Zutshi - It is a corrupt form of the word Jyotshi. Zutshis are reported to have been distinguished astrologers and Sanskrit scholars.

Razdan - The census report of 1819 states that Razdan is a corrupted form of ancient Sanskrit epithet Rajanak. Stein is of the view that 'the title Rajanak, meaning literaly "a king", used to be given for services rendered to the King. The title has survived in the form of Razdan as a family name of very free occurrence among the Brahmans of Kashmir. It was borne by Rajanaka Ratanakara, the author of the Haravijaya (9th Century), and by many Kashmirian authors of note enumerated in the Vamsaprasasti which Anama Rajanaka (17th Century) has appended to his commentary on the Nisadhacarita.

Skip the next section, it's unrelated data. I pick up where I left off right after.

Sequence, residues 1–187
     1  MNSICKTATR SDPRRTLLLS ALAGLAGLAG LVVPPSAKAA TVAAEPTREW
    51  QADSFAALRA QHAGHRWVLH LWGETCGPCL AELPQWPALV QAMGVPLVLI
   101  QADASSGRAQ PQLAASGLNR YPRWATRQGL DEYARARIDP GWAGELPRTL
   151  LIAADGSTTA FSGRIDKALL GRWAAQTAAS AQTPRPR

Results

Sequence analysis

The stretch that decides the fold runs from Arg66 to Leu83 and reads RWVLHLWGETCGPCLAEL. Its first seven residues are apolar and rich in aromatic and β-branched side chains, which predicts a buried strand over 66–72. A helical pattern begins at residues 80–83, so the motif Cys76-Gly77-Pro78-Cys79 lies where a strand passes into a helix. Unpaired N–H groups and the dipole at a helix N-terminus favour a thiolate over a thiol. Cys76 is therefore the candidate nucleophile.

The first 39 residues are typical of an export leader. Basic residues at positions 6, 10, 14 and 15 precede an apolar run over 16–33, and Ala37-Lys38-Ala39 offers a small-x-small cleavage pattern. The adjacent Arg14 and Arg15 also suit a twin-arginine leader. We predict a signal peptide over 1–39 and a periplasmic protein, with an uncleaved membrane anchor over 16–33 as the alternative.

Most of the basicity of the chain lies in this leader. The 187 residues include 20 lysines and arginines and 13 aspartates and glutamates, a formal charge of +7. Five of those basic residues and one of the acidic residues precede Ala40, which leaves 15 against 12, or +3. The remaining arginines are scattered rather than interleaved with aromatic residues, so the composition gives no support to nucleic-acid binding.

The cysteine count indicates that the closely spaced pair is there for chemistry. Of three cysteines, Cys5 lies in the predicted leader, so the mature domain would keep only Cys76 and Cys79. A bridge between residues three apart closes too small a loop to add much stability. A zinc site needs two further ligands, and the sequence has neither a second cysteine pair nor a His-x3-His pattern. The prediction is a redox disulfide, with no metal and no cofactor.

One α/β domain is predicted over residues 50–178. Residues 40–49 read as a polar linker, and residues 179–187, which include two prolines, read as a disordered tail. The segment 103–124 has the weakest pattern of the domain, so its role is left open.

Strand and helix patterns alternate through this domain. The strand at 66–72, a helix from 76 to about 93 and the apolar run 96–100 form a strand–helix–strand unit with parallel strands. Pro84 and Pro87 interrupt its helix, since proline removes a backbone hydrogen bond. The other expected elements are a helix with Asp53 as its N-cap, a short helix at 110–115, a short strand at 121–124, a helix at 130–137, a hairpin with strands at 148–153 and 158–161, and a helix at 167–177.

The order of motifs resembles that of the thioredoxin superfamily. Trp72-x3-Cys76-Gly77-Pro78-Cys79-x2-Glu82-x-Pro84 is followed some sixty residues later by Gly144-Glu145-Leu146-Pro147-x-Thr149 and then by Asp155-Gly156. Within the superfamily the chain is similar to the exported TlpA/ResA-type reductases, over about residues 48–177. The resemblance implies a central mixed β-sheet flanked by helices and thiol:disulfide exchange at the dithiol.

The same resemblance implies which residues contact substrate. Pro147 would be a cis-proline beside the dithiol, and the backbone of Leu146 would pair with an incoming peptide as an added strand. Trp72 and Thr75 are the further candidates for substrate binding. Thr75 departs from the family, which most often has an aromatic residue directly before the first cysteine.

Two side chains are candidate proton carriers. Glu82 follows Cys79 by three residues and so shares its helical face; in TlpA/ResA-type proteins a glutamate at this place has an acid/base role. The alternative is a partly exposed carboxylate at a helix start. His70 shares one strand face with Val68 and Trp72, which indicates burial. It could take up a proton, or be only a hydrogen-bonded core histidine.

As the designation of certain high officials (Muhammadans), the term Rajanaka is often used by Srivara and in the fourth chron (also in the shortened form Rajana).' R. S. Pandit states that the title Rajanaka was continued under Muhammadan rule and was conferred on Muslim officers.

Tikoo - It is said to have originated from the 'Trika'. The members of this family were special devotees of the goddess 'Tripura'. Fauq has given one more explanation stating that an ancestor of this family adopted a non-Brahman boy who was deemed to have become a Brahman by a Tika (a sacred mark on the forehead of a Brahman). He and his descendants were later nicknamed as Tiku.

Kathju - Pandit family residing at Kathleshwar in Tanki Pora (a mohalla of Srinagar) was nicknamed Kathju.